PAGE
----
Cecilia Hidalgo

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The calcium dependence of ryanodine-sensitive single calcium channels was studied after fusing with planar lipid bilayers sarcoendoplasmic reticulum vesicles isolated from excitable tissues. Native channels from mammalian or amphibian skeletal muscle displayed three different calcium dependencies, cardiac (C), mammalian skeletal (MS), and low fractional(More)
Ryanodine receptors (RyR) amplify activity-dependent calcium influx via calcium-induced calcium release. Calcium signals trigger postsynaptic pathways in hippocampal neurons that underlie synaptic plasticity, learning, and memory. Recent evidence supports a role of the RyR2 and RyR3 isoforms in these processes. Along with calcium signals, brain-derived(More)
We have analyzed the effects of the endogenous redoxactive agents S-nitrosoglutathione and glutathione disulfide, and the NO donor NOR-3, on calcium release kinetics mediated by ryanodine receptor channels. Incubation of triad-enriched sarcoplasmic reticulum vesicles isolated from mammalian skeletal muscle with these three agents elicits different(More)
AIMS In cells, mitochondria are organized as a network of interconnected organelles that fluctuate between fission and fusion events (mitochondrial dynamics). This process is associated with cell death. We investigated whether activation of apoptosis with ceramides affects mitochondrial dynamics and promotes mitochondrial fission in cardiomyocytes. (More)
Studies done many years ago established unequivocally the key role of calcium as a universal second messenger. In contrast, the second messenger roles of reactive oxygen and nitrogen species have emerged only recently. Therefore, their contributions to physiological cell signaling pathways have not yet become universally accepted, and many biological(More)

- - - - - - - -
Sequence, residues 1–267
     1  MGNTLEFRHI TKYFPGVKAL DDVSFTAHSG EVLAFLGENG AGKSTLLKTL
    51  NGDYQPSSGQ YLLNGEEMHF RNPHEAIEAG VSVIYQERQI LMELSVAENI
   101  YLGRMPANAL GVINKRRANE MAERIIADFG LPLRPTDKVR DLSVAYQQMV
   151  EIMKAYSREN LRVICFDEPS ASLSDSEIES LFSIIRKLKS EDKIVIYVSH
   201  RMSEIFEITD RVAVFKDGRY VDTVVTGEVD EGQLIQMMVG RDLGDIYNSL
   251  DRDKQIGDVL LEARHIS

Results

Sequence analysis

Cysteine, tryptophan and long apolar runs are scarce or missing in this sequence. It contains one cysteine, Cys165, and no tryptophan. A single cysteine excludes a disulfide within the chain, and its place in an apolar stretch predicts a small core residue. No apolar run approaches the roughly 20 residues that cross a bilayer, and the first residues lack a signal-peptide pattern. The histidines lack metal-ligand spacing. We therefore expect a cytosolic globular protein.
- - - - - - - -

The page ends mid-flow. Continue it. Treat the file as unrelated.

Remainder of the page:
AIM Our objective was to investigate in cardiac muscle the contribution of NADPH oxidase to (a) ryanodine receptor-2 (RyR2) S-glutathionylation and (b) the preconditioning effects of exercise and tachycardia on infarct size following coronary artery occlusion. METHODS AND RESULTS We measured NADPH oxidase activity, RyR2 S-glutathionylation, and calcium(More)
We report here the presence of an NADPH oxidase (NOX) activity both in intact and in isolated transverse tubules and in triads isolated from mammalian skeletal muscle, as established by immunochemical, enzymatic, and pharmacological criteria. Immunohistochemical determinations with NOX antibodies showed that the gp91(phox) membrane subunit and the(More)
Calcium release mediated by the ryanodine receptors (RyR) Ca2+ release channels is required for muscle contraction and contributes to neuronal plasticity. In particular, Ca2+ activation of RyR-mediated Ca2+ release can amplify and propagate Ca2+ signals initially generated by Ca2+ entry into cells. Redox modulation of RyR function by a variety of(More)
Iron is essential for crucial neuronal functions but is also highly toxic in excess. Neurons acquire iron through transferrin receptor-mediated endocytosis and via the divalent metal transporter 1 (DMT1). The N-terminus (1A, 1B) and C-terminus (+IRE, −IRE) splice variants of DMT1 originate four protein isoforms, all of which supply iron to cells. Diverse(More)
Addition of membrane vesicles prepared from transverse tubule (T-tubule) membranes of rabbit skeletal muscle to the aqueous phase of a planar lipid bilayer induces a stepwise increase in conductance. This conductance is both voltage and Ca2+ dependent. At 1 mM Ca2+, the steady-state conductance is maximal at voltages higher than +20 mV and decreases for(More)